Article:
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This article is from the Encyclopedia of North Carolina edited by William S. Powell. Copyright © 2006 by the University of North Carolina Press. Used by permission of the publisher. For personal use and not for further distribution. Please submit permission requests for other use directly to the publisher.

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Cary Rebellion

by William S. Price Jr., 2006

Portrait of Governor Alexander Spotswood of Virginia by Charles Bridges, 1736. Image from Wikimedia Commons.The Cary Rebellion is named for Thomas Cary, chief executive of North Carolina from March 1705 until October 1707 and from October 1708 until January 1711, when he was displaced by Edward Hyde. During his first term as deputy governor, Cary had been allied with the Anglican faction dominating the legislature and endeavoring to exclude dissenters (chiefly Quakers) from public office. However, after dissenters successfully appealed to the Lords Proprietors for Cary's removal in 1707, he began seeking a political alliance with dissenters and with Bath County residents who resented the legislative dominance of Albemarle leaders.

Through skillful maneuvering, Cary became chief executive again late in 1708. Soon he liberalized land grant policy to favor Bath County, lowered its quitrent rate, and replaced some local officials with dissenters. The colonial Assembly repealed all laws requiring test Proclamation regarding Thomas Cary  from 1708. Image courtesy the State Archives of North Carolina.oaths.

When Edward Hyde arrived as deputy governor early in 1711, Cary withdrew to his home in Bath County. That March, when Hyde asked the legislature to pass new laws against dissenters and urged Cary's arrest, Cary rallied his supporters-dissenters and Bath County residents-to take up arms. In May Hyde led a force of 150 men to seize Cary, but he repulsed them with artillery. In June Cary outfitted a brigantine to sail into Albemarle Sound and overthrow Hyde. After a series of indecisive engagements, Governor Alexander Spotswood of Virginia sent troops to assist Hyde, and by 17 July Cary had been forced to flee North Carolina.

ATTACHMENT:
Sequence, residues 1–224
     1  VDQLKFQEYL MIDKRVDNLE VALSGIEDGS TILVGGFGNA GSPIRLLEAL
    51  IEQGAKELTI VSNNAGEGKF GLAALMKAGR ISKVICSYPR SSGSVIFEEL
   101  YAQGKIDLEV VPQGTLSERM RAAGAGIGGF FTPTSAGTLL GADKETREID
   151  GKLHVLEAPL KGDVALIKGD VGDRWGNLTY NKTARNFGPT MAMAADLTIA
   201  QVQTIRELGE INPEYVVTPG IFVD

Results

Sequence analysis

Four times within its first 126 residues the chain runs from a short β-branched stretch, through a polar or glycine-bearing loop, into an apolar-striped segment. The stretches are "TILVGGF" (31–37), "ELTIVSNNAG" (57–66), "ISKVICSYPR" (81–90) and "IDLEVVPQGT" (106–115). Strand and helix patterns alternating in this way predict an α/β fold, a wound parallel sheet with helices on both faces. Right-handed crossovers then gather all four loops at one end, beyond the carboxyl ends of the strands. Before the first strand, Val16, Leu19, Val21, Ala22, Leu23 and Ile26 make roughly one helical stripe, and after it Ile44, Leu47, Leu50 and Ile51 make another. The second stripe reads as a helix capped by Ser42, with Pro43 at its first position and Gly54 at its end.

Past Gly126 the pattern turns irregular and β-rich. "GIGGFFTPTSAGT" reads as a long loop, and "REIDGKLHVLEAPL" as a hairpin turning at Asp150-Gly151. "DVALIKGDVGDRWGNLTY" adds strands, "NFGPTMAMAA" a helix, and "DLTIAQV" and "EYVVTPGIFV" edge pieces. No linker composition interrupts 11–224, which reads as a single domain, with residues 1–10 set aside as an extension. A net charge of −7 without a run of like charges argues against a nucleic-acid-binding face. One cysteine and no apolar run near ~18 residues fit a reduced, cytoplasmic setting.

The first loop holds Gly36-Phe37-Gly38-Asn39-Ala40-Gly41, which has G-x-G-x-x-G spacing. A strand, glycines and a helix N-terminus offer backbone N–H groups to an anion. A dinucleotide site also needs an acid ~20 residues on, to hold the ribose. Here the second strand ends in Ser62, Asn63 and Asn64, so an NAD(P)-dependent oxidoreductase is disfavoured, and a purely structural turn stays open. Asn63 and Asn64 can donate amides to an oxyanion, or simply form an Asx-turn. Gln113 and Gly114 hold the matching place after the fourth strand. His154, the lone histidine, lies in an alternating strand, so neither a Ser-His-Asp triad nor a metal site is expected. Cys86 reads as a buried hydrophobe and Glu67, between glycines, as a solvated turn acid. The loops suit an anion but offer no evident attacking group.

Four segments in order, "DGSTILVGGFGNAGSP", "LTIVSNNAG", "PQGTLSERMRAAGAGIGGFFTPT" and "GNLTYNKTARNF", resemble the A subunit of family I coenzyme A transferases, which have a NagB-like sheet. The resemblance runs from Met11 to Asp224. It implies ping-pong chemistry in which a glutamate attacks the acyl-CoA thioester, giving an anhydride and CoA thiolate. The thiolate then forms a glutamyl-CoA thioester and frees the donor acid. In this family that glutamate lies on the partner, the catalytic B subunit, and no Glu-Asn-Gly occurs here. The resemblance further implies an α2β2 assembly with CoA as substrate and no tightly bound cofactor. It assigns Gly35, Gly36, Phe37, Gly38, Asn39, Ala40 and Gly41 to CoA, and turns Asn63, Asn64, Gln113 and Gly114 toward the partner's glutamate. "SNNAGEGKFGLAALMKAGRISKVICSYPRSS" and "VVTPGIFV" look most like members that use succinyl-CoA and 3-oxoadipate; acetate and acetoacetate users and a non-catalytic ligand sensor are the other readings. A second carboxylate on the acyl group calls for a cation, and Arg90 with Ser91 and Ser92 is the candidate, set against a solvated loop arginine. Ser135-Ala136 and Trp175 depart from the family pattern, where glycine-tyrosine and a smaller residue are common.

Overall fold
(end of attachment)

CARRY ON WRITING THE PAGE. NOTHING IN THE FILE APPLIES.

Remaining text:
Captured in late July in Tidewater, Va., Cary and his lieutenants (all Bath County men but not all dissenters) were sent to England to stand trial before the Lords Proprietors. Because no one appeared to press charges, Cary was released after a year and returned to North Carolina early in 1713. He spent the rest of his life in apparent tranquility in Bath County, dying in about 1720.

Sometimes portrayed as chiefly an Anglican-dissenter struggle, the Cary Rebellion was more complex than that. Of equal or greater importance were the opposition of newcomers in Bath County to the established political dominance of Albemarle men and the conflict of the mercantile interests of Indian traders with the agricultural predominance of planters.



William S. Price Jr., ed., North Carolina Higher-Court Minutes, 1709-1723 (1977).

Price, ed., North Carolina Higher-Court Records, 1702-1708 (1974).

Additional Resources:

Paschal Jr., Herbert R. "Historic Bath: Cary's Rebellion, 1711: A Clash of Religion and Politics." edited from: A History of Colonial Bath, Raleigh, N.C.: Edwards & Broughton, 1855.

Image Credits:

Bridges, Charles. "Portrait of Alexander Spotswood (1676–1740), a British Army Colonel and Governor of Virginia." 1736. Image from Wikimedia Commons. (accessed October 17, 2012).

"N_84_2_21." Proclamation re. Thomas Cary, 1708; from CCR.192, Colonial Court Records, Miscellaneous papers, 1677-1775, House of Burgesses and Gov and Council folder, NC Council Minutes, 1708. State Archives of North Carolina.

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